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Summary for 4th AVE / Parcel ID 3124049028 / Inv # SPU024

Historic Name: SW Trenton Street South Standpipe Common Name:
Style: Other - Industrial Neighborhood: South Park
Built By: Year Built: 1932
The Seattle Water Department completed this 1,1930,000-gallon standpipe along with its twin to the north and a shared gate house in 1932 in conjunction with the construction of the 68,000,000-gallon West Seattle Reservoir located up the hillside to the west. A hydraulic pump station was also constructed on the site in 1934. As early as 1916, the Water Department had recognized the need for two reservoirs in West Seattle and had acquired a large tract of land in the vicinity of SW Cloverdale Street and 8th Avenue SW for the purpose of constructing one of them. At the time, six wooden tanks at 40th Avenue SW and SW Charleston Street served the entire West Seattle area with a combined capacity of 300,000 gallons. Within a few years, the construction of three more wooden tanks at SW Charleston Street and a new steel tank at 36th Avenue SW and SW Myrtle Street increased West Seattle’s capacity to almost a 1,000,000 gallons. By the early 1920s, it was apparent that West Seattle had the poorest and most unreliable water supply of any portion of the city more than ten years after its 1907 annexation. The Water Department began a program of improvement in order to give West Seattle an adequate and reliable supply of Cedar River water. This included a tunnel under the West Waterway near Michigan Street, new steel water mains, two new standpipes for low and intermediate service, and a new pump station at 6th Avenue SW and SW Kenyon Street. After the completion of the above improvements, the Water Department decided to proceed with the construction of its long-planned West Seattle reservoir. In 1929, plans were prepared for an 80,000,000-gallon reservoir at 8th Avenue SW and SW Trenton Street and a large pipeline to connect it to the city’s main supply pipelines in the vicinity of 51st Avenue South and South Leo Street. With the new reservoir, most of West Seattle would be supplied by gravity service as opposed to the previous system, which relied on the pumping of water to the few tanks and standpipes scattered through the large area. By the time of construction, the Water Department had decided to reduce the size of the planned reservoir and construct two standpipes on an adjoining parcel down the hill to the east, each with more than a million gallons of capacity. The reservoir was largely completed by 1931 and put into service the following year. As proposed, the standpipes were to have a capacity of 1,400,000 gallons each in order to increase the storage capacity for the low service system. Completed in 1932 with slightly less capacity than originally planned, the twin standpipes are unique in the Seattle water system for their design and for their location immediately adjacent to one another. The standpipes are shorter and wider than any other standpipe, and no other pairs of standpipes were constructed at the same time with the same design and with a shared gate house. Queen Anne Hill has two adjacent standpipes, however they were completed three years apart from each other and with entirely different designs and capacities. After 1934, water used to power the hydraulic equipment at the newly constructed SW Trenton Street Pump Station emptied into the standpipes for subsequent distribution to the low service gravity fed district. The SW Trenton Street South Standpipe is significant for its association with the growth and development of the Seattle water system.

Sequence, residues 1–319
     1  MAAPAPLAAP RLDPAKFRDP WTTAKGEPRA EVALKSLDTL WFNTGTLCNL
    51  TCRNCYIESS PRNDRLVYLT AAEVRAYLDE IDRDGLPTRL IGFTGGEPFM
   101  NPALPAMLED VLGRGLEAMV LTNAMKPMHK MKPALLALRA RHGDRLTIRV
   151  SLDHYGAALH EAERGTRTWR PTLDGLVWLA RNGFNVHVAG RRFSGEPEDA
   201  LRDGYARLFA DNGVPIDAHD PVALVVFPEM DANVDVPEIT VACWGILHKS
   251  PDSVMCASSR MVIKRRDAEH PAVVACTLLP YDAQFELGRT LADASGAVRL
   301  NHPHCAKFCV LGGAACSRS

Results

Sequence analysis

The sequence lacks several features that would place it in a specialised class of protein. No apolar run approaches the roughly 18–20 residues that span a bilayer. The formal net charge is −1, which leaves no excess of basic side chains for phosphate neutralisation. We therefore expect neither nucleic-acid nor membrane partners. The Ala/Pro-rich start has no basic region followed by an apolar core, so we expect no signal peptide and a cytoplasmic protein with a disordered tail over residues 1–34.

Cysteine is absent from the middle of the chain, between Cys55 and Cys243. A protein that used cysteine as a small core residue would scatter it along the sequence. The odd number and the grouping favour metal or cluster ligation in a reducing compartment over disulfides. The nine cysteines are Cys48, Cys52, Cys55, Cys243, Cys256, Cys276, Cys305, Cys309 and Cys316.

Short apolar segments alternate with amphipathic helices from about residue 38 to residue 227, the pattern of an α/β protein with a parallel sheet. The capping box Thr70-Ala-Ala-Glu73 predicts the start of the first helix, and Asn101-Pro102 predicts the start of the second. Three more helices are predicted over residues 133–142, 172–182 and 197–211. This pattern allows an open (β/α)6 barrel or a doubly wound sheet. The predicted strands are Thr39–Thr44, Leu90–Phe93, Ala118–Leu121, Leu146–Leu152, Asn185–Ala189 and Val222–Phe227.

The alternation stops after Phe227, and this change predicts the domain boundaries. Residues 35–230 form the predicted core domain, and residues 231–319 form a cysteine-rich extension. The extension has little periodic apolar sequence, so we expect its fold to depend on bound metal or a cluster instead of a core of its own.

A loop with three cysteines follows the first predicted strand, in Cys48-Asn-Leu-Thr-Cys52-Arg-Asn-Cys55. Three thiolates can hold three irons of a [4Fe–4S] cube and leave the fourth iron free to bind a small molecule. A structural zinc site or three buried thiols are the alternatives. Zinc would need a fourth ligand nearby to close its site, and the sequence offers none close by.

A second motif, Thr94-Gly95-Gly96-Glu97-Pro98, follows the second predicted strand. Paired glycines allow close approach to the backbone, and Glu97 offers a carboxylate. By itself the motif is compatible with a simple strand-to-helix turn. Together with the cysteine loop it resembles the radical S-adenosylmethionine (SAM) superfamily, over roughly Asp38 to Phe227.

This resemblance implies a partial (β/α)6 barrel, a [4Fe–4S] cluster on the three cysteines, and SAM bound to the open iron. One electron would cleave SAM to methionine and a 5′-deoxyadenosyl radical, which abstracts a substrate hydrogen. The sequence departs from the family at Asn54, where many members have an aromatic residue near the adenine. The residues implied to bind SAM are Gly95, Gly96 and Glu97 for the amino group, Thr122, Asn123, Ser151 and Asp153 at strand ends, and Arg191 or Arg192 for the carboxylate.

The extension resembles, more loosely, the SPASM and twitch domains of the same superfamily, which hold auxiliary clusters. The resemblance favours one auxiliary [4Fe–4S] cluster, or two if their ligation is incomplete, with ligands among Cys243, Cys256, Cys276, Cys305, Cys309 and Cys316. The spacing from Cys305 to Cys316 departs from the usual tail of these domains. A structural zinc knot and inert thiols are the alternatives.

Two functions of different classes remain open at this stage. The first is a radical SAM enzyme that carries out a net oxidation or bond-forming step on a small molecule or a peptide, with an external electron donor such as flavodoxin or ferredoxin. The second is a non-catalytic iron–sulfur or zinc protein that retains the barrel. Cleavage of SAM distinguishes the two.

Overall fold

Completed in 1932, this 1,1930,000-gallon steel standpipe is located south of its twin standpipe and their shared gate house. This complex is situated at the western end of a large grassy terrace on the hillside below an upper terrace occupied by a 1934 pump station and a later chlorine station. A long set of stairs provides access to the lower level. The entire site is surrounded by a chain link fence and served by a restricted access road off of 3rd Avenue SW, which make it impossible to view the structures from the public right of way. Set on a circular concrete foundation, the squat standpipe has a 92-foot wide diameter and is comprised of six horizontal bands of riveted steel plates for a total height of 36 feet. The lower three bands have more riveted reinforcements than the upper three bands. A ladder on the eastern side extends to the standpipe’s conical metal roof, which features a slight overhang and a small ball finial at its peak. Encircled by a narrow concrete platform, the standpipe has various locked hatches at the ground level.

Detail for 4th AVE / Parcel ID 3124049028 / Inv # SPU024

Status: Yes - Inventory
Classication: Structure District Status:
Cladding(s): Metal Foundation(s): Concrete - Poured
Roof Type(s): Other Roof Material(s): Metal
Building Type: Industry/Processing/Extraction - Waterworks Plan: Other
Structural System: Steel No. of Stories:
Unit Theme(s): Architecture/Landscape Architecture, Science & Engineering
Changes to Plan: Intact
Changes to Original Cladding: Intact
Major Bibliographic References
King County Property Record Card (c. 1938-1972), Washington State Archives.
McWilliams, Mary. Seattle Water Department History, 1854-1954: Operational Data and Memoranda. Seattle, WA: Water Department, City of Seattle, c1955.
Seattle Water Department. Annual report / City of Seattle, Water Department. Seattle, WA: 1908-1965.

Photo collection for 4th AVE / Parcel ID 3124049028 / Inv # SPU024

Photo taken Nov 17, 2000
App v2.0.1.0